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Yiddish lives on Canadian campuses

As the Jewish tongue dies at home, scholars step up


 

Photo by scazon on Flickr

The old language of Eastern Europe’s Jews—the tongue that brought us such lively words as schmooze, glitch, klutz, chutzpah, nosh, schmuck and schmo—has been through a lot.

Yiddish was threatened by the holocaust when five million speakers—roughly half of the total—were murdered in the genocide, writes University of Ottawa researcher Rebecca Margolis.

Then it was threatened by a generation in the diaspora that was sometimes embarrassed of their parents’ foreign tongue and preferred to converse in English or another vernacular anyway.

Today, Yiddish contends with the fact that its keepers are mainly Bubbes and Zeydes of the diaspora, who may not be around much longer. According to Statistics Canada, between 2001 and 2006, the number of Yiddish speakers declined from 37,010 to 27,605 nationally. More than a third of those who remained—9,305—were over 75 years-old. Only 1,345 were under age five.

But this week, the Associated Press reports that Yiddish is making a comeback at “just a handful” of North American schools. It turns several schools in that handful are Canadian universities.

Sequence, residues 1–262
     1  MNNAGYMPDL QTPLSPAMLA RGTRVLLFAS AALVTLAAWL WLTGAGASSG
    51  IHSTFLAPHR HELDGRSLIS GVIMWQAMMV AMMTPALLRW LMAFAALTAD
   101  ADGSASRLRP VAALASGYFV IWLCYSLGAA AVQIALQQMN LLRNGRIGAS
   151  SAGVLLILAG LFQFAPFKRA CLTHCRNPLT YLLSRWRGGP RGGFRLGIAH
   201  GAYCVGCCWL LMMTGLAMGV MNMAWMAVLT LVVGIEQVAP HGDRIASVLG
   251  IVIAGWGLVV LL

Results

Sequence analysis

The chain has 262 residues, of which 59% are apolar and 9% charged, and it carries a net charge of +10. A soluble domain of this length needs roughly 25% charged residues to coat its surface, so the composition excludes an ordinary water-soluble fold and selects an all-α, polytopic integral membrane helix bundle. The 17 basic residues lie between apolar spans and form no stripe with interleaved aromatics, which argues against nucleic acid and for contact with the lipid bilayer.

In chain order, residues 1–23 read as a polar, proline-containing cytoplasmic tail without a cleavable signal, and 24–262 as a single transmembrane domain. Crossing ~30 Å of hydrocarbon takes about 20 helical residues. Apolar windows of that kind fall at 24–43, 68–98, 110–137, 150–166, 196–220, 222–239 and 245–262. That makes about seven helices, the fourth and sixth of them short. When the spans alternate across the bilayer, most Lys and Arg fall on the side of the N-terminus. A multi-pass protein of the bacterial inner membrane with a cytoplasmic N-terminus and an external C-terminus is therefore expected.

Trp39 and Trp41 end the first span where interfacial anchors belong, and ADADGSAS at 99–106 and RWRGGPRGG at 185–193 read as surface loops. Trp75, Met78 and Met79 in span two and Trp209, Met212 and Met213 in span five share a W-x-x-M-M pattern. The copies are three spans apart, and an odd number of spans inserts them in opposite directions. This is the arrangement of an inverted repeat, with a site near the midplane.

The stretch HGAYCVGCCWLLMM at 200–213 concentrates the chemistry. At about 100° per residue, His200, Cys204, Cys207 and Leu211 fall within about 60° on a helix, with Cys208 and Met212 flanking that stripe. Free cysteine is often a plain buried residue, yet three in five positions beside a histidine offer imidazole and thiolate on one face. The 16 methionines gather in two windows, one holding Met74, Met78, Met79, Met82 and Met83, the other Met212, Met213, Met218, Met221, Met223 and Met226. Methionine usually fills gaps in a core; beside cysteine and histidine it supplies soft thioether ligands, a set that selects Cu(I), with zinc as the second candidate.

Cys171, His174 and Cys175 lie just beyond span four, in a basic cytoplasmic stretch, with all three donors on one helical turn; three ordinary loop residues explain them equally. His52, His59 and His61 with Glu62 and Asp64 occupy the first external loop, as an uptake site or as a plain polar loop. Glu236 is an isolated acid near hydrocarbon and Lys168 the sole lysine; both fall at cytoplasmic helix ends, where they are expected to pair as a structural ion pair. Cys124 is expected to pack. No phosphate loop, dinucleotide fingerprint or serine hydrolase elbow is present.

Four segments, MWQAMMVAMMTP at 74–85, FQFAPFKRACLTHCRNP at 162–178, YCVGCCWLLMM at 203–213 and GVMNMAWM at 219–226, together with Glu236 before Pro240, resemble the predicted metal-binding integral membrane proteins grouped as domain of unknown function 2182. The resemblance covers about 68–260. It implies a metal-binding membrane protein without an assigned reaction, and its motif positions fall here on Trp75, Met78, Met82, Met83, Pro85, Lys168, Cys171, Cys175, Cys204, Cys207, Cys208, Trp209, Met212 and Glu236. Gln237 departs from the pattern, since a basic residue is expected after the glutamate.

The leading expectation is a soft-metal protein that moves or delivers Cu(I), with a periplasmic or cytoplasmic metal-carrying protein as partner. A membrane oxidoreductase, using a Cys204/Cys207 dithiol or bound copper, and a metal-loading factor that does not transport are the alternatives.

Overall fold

In Toronto, York University (where 10 per cent of the population is Jewish, according to Hillel) has only one course on Elementary Yiddish Language. But the University of Toronto, which has roughly 3,000 Jewish students (five per cent of the total), established a Yiddish program in 2002 that thrives today. U of T offers two full years of language study and five Yiddish culture courses.

In the Montreal of the past “Yiddish functioned as the third language,” according to scholar Eiran Harris, so it’s no surprise that McGill University of offers 100 Jewish courses, including six in beginner, intermediate and advanced Yiddish. McGill is roughly 10 per cent Jewish, says Hillel.

It’s easy to see how Toronto and Montreal have enough Jews to sustain Yiddish programs—Toronto has roughly 165,000 Jewish residents the Montreal has roughly 89,000. But even Canadian cities with small Jewish populations, like Ottawa (11,000) and Winnipeg (13,000), are hosts to Yiddish courses. The University of Ottawa and the University of Manitoba each offer two Yiddish courses.

The fact that Yiddish courses continue to exist at Canadian universities seems like yet another small miracle. Many language courses are threatened at Canadian universities nowadays, due to low enrollment. So far, Yiddish has avoided the axe, unlike some Italian, Arabic and German courses at Wilfrid Laurier University, and Persian, Portuguese and Swahili at the University of Alberta.

Then again, maybe it isn’t surprising that Yiddish is alive on Canadian campuses. A language that’s made it through so much strife in the past should be able to survive a few university budget cuts.


 

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